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Re: Comparison of philosophical languages

From:Padraic Brown <elemtilas@...>
Date:Monday, January 20, 2003, 16:54
--- Andrew Nowicki <andrew@...> wrote:

> Sally Caves wrote:
> Very interesting post! I agree that a rigid > taxonomical language does not make sense.
Then why try to foist one on an unsuspecting world? Every post you've made about your auxlang has implied if not outright spelled out a taxonomical language. Look at the words you've given and their "translations". Every single one is an exercise in sorting and taxonomy.
> Of all the languages that > I know Ygyde is the most promising because it
OK. You've invoked Throckmorton's Law three times now. That's QUITE ENOUGH, thank you!
> vegetable = obiby = "noun anatomical part of a > multicellular plant food" > carrot = odibiby = "noun long anatomical... > food" > cauliflower = ocibiby = "noun sexual > anatomical... food" > corn = otybiby = "noun high anatomical... food" > garlic = olubiby = "noun smelly anatomical... > food" > lettuce = okubiby = "noun lightweight > anatomical... food" > onion = ojibiby = "noun optical anatomical... > food" > parsley = olibiby = "noun medical anatomical... > food" > potato = opebiby = "noun warm anatomical... > food"
OK. So you replace Sally's ellilli ellillo ellilla ellillylally by ollibby ollibbo ollibbu ollibbinabbyo.
> Ygyde's grammar does not say that names of > vegetables must sound similar,
It's very structure demands that outcome even so.
> > > When you learn a new language, you do not > > > walk around with dictionaries, > > > Sure you do.
> I did not use dictionaries when I was learning > my mother tongue.
Note that you specified "new langauge" not "mother language".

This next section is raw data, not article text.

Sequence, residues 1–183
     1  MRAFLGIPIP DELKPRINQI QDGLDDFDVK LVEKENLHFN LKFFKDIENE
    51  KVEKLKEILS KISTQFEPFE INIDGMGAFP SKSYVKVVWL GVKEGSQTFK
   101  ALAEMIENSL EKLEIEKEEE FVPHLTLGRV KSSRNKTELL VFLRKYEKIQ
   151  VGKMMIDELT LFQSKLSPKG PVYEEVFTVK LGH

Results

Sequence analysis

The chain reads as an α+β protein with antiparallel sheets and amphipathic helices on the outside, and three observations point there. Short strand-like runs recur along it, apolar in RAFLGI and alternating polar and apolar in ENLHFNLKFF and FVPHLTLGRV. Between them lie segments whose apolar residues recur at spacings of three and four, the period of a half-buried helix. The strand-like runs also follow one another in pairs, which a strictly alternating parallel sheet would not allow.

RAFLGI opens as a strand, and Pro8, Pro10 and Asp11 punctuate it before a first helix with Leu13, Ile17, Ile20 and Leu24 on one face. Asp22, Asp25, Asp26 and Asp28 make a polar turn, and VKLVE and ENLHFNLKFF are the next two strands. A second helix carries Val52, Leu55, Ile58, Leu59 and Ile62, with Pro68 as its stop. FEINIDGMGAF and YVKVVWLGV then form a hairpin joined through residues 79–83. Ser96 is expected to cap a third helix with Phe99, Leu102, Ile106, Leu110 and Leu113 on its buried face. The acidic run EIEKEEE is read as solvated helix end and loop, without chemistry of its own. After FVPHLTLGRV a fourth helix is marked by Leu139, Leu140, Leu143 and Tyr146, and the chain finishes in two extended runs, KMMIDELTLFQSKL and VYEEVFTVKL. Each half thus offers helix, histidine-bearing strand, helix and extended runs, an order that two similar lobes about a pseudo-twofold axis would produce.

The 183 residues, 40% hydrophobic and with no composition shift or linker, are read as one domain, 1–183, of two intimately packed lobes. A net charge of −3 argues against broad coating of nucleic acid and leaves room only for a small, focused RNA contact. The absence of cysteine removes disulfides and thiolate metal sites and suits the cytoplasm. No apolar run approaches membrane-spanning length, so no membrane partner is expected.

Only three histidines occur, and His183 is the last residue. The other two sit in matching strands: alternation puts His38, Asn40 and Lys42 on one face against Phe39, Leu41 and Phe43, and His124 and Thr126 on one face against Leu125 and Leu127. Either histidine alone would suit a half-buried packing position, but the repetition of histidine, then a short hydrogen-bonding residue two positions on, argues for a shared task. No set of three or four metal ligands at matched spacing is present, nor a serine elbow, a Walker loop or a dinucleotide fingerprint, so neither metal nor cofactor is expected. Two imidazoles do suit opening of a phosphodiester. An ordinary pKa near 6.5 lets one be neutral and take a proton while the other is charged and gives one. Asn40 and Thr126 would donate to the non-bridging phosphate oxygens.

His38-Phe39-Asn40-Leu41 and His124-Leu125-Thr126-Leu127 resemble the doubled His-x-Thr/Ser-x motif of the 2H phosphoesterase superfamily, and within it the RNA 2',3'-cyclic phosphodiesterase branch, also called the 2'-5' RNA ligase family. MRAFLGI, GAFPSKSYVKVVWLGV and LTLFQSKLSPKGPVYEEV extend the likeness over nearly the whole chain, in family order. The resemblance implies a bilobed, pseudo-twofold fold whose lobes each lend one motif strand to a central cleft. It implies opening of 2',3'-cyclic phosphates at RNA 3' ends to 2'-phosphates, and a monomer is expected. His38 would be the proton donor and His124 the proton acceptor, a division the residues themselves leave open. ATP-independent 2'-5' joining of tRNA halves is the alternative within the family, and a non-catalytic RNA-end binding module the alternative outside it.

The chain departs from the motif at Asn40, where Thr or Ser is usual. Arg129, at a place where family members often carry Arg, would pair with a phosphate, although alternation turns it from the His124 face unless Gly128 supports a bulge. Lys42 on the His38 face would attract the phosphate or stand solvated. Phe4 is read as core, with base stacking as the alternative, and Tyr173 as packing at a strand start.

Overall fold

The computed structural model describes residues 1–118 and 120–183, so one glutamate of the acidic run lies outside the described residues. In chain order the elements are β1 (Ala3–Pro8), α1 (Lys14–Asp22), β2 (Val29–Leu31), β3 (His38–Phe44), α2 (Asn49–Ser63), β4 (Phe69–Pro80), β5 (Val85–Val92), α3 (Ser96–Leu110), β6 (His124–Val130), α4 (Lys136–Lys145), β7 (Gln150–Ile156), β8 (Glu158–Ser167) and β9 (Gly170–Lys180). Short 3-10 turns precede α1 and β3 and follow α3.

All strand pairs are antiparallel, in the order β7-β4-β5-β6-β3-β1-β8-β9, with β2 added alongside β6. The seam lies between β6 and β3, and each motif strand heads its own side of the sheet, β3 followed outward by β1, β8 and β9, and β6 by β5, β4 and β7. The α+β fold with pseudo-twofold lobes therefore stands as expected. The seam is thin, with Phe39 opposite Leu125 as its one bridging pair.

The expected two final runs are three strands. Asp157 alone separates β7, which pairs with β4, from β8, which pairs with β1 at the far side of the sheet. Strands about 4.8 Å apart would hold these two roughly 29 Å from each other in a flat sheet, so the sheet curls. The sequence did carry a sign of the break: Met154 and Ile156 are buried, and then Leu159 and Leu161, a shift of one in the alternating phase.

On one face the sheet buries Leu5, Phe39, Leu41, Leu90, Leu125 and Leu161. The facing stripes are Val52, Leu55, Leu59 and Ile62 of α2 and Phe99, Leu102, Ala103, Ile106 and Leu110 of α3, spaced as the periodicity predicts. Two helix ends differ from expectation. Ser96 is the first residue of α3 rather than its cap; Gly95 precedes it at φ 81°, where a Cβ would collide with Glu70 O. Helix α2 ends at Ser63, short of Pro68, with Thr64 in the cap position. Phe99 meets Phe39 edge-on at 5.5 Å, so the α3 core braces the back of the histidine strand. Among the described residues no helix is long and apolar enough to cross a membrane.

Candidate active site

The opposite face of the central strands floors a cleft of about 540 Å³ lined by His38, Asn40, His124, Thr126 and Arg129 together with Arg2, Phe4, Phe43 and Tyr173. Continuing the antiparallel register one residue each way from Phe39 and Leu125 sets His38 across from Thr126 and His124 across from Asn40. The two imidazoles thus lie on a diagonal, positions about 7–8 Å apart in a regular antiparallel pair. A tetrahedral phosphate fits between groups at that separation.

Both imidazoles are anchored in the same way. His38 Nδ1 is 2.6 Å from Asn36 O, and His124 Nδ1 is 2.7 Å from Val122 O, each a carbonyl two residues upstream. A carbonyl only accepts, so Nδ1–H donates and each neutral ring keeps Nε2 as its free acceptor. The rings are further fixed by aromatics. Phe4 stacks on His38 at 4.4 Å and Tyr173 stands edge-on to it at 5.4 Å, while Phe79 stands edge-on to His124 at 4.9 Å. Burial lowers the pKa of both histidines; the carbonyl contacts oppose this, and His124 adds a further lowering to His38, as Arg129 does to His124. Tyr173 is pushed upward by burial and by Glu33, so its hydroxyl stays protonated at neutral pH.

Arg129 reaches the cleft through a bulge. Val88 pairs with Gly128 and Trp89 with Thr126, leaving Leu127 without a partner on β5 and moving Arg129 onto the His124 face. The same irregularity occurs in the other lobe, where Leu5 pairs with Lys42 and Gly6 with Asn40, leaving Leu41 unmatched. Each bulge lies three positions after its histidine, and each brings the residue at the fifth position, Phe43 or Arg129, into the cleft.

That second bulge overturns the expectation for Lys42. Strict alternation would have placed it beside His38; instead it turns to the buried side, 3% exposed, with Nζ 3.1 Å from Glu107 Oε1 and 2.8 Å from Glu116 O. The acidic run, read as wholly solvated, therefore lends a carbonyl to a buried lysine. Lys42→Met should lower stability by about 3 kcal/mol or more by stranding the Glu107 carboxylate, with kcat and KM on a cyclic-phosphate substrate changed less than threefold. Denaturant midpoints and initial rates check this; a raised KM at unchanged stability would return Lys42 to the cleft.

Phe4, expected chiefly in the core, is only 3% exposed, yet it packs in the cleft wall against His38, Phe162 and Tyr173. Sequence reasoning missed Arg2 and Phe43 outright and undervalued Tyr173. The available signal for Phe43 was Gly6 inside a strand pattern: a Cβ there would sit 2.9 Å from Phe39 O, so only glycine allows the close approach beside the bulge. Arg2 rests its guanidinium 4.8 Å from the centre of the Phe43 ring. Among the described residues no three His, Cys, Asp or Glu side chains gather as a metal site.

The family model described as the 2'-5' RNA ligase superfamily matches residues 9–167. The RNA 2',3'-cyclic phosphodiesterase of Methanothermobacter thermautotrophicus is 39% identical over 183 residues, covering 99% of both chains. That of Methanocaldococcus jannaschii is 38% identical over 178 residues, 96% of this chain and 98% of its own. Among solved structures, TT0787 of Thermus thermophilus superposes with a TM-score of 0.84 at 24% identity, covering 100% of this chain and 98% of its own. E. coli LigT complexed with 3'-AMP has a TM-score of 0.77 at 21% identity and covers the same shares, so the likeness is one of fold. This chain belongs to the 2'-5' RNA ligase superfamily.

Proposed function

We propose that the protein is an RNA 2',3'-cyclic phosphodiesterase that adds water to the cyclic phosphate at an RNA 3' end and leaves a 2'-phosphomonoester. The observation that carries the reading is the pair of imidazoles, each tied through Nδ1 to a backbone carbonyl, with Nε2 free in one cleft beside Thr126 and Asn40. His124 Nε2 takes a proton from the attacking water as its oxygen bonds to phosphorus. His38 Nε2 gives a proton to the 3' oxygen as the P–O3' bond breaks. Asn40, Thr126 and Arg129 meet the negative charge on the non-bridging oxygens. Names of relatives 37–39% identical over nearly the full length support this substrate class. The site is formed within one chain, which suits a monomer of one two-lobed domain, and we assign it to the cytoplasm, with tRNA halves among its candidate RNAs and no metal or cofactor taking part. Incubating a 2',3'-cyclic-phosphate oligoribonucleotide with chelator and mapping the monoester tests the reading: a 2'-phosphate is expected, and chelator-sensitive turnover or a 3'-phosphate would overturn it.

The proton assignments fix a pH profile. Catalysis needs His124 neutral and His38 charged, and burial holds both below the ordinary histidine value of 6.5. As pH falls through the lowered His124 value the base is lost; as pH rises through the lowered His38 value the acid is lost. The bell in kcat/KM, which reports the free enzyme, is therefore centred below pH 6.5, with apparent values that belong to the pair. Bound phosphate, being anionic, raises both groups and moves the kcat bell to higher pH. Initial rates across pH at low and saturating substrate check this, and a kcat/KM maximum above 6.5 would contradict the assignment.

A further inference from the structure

> > But this system can only go so far. Let > > anyone stray > > from it by introducing a new word, or let > > it evolve > > as all languages do, and it will start > > developing idiosyncracies and > > irregularities and > > eventually maggelities. > > <G> Unless you try to "fix" it-- Jonathan > > Swift's mistake. > > Ygyde's grammar imposes some standards that > cannot > be abolished. If Ygyde becomes a mother tongue, > idiosyncrasies are most likely in the names of > flora, fauna, food, and dress.
You don't get it, do you? Language doesn't work that way. Idiosyncrasies pop up _everywhere_ in a language.
> Basic ideas and > technical names have no reason to drift into > idiosyncrasies.
Sure they do. They do it all the time. You come across as a person who, while an eager conlanger, is not that familiar with the realities you're dealing with. Television becomes tele or teevee. Cat becomes pussy. #11 scalpel becomes knife.
> If two different kinds of food > are > called "container food," we can distinguish > them as > "american container food" and "spanish > container food."
Funny that neither container food thus far mentioned are either "American" or "Spanish".
> Or we can guess the meaning from the context. > Television, > Internet, fast food chains, and globalization > may prevent idiosyncrasies.
Nah. They just create more space for idiosyncrasies to happen in and more people to make them. Padraic. ===== ay aci kes? ao o may mech? si ay 'ci kes, feri kes; si nay ne kes mech, feri que láes! .


Joe <joe@...>
Andrew Nowicki <andrew@...>
Sally Caves <scaves@...>